Super Bowl LV advertisers disappoint on diversity in the director's chair
Though diversity was apparent on screen during the Super Bowl commercials, with spots from major advertisers featuring multicultural ensembles as well as people of color in leading roles, progress on Big Game casting was stagnant, according to a recent report from the Association of National Advertisers’ Alliance for Inclusive & Multicultural Marketing (AIMM). Forty-five percent of the ads reflected inclusive casting, remaining at the same level compared to last year. But behind the camera, the story is even worse.
According to credits provided by agencies and advertisers for all the spots that ran nationally during the game, Ad Age determined that there were only three women, and at most five people of color, in the director’s chair, accounting for only 9.2% of the 87 ads that ran nationally and during the game.
Sophie Gold, a Black production veteran who runs her own production firm, called Eleanor, says, “I’m so disheartened that on advertising’s biggest stage, brands and agencies abandoned their pledges, black boxes and grandiose statements in favor of ‘safe’ white directors while patting themselves on the back for increased diversity on camera, which is performative.”
In 2016, Director Alma Har’el made waves in the industry when she introduced the Free the Bid initiative. It called for the ad and marketing industry to commit to ensuring gender diversity in the director’s chair, given the lack of female talent stepping behind the camera in commercials. The organization eventually expanded to Free the Work to broaden the call for diversity to also include BIPOC [Black, Indigenous and people of color] and other groups. Such efforts and societal forces such as the #MeToo movement and Black Lives Matter seemed to propel the industry to take action, leading to some movement, at least in the case of female directors. From 2017 through 2020, three to four women took the helm of national spots for major brands, according to data compiled by Ad Age as well as Free the Bid/Free the Work.
Since founding Free the Bid (now Free the Work) five years ago, “we've seen the awareness of diversity and representation in front of the camera soar around the world,” says Har’el.
But the pandemic seems to have set the industry back when it comes to what happens on set.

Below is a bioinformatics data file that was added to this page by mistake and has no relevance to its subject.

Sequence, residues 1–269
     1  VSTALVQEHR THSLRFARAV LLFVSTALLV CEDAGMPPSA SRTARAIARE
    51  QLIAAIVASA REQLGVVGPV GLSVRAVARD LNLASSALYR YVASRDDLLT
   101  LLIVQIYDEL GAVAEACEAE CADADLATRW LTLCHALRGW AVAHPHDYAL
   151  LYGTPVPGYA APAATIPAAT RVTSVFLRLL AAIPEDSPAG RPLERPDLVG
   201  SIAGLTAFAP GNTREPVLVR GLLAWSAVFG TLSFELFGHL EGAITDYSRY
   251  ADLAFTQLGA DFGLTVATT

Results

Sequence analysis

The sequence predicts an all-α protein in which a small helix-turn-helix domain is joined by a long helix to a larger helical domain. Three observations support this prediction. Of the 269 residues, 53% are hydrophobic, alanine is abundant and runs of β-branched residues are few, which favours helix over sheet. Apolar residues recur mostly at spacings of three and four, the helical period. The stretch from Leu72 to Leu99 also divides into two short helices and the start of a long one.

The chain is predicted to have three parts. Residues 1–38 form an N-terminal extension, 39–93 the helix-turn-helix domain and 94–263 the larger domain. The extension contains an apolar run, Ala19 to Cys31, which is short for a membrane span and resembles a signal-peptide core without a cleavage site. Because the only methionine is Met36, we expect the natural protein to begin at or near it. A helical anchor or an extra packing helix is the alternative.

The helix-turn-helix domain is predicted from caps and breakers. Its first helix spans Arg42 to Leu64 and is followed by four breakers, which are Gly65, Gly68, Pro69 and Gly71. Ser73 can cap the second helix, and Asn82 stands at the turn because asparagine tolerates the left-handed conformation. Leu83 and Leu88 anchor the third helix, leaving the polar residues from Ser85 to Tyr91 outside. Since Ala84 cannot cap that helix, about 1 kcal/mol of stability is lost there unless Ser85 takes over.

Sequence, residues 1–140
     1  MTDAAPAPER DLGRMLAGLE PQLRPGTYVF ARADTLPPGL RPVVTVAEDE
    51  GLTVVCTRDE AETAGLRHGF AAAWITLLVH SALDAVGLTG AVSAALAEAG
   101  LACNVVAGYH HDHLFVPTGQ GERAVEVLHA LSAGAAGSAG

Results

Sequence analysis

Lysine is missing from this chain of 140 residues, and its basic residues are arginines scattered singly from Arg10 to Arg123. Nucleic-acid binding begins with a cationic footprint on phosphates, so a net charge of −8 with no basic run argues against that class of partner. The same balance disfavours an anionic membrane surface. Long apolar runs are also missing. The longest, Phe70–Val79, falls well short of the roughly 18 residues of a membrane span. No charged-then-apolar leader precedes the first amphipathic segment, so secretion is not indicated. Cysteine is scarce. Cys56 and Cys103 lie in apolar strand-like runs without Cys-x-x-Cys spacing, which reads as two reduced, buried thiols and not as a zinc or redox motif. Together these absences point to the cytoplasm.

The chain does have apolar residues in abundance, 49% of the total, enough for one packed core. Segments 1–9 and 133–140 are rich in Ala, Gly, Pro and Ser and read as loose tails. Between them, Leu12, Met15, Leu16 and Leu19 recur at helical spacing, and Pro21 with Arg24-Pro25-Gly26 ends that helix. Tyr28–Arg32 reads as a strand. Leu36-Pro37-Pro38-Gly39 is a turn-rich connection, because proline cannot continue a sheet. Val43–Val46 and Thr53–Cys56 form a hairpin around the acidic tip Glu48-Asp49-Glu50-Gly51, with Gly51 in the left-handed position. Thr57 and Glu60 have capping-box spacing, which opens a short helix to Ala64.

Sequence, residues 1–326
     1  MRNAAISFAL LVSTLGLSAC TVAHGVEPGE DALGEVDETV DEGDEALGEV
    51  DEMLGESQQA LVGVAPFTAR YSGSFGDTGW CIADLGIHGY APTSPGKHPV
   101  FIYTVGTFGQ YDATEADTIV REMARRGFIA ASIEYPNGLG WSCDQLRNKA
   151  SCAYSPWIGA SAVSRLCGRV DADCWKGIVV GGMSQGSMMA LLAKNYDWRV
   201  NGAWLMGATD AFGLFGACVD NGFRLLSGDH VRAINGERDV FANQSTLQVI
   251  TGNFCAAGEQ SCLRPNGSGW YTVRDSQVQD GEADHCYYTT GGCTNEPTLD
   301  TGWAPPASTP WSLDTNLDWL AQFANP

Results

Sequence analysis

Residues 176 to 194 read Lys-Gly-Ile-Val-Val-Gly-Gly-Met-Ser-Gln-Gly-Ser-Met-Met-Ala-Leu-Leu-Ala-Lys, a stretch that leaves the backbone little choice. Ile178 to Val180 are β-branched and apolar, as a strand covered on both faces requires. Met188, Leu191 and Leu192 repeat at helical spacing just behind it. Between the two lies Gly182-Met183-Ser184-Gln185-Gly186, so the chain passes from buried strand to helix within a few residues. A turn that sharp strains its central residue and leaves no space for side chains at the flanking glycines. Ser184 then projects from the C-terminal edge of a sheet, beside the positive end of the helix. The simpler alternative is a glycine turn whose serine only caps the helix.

“Things are shifting for some of us, but not for most of us,” Har’el says.“With COVID keeping people off sets, we see that agencies and brands revert to their old ‘white-men-we-can-trust’ tactics.“
The shifting trends in front of, and behind, the camera suggest that brands and agencies may simply be performatively following the sway of the zeitgeist, rather than embracing DEI at their core.
“We are elated by the number of new organizations and databases fighting for representation, but also discouraged when they're announced with no discourse to follow,” Har’el says. “Brands and agencies who only do something when the tide of demonstrations is high, or when Black history month is celebrated, have no real stakes in the mission to make equality a reality. Our partners who commit to this mission all year see results because they're not just virtue signaling on days social media rewards them.”
Production company Somesuch is known for having a diverse roster across gender and ethnicity. Its director Kim Gehrig, one of the industry’s A-Listers, saw 80% of the Super Bowl scripts that the company received, says Co-Founder Sally Campell. Gehrig passed on most, due to schedule or the creative, with the exception of one, which she lost to a white male director.
Another veteran production company head expressed frustration over the Super Bowl in particular, noting how their top diverse talents had bid multiple Big Game spots and were often the agency’s recommended director. “We lost almost every one of those spots because someone felt it was safer to go with the director that had a ‘proven track record,’” the exec says. “This is very disappointing to see after the commitments we have heard in the last few years.”
“For all of the talk of agencies and clients making more of an effort to hire outside of white and male, we aren’t seeing much evidence of it outside of the creative agencies who always hire based on talent and are making the same strides towards anti-racism as we are,” Campbell says.
Pete Favat, creative chairman of Deutsch L.A. had posted a story last week on Instagram observing how he was hard-pressed to find directors attached to game-day ads who weren’t white men. “This year it seems like most people bet on familiarity, but we all have to cast a wider net; the talent is out there,” he says. “The industry has made progress with who is in front of the camera, but when it comes to behind the camera, it is clear we have more work to do.”
One production vet with more than 20 years of experience also observes that who sits in the director’s chair also impacts the rest of the set. “Black directors tend to hire more Black crew people, women often hire more women, so if you don’t hire Black or female talents, in general, you’ll see less diversity overall on set.”
Beyond the Bowl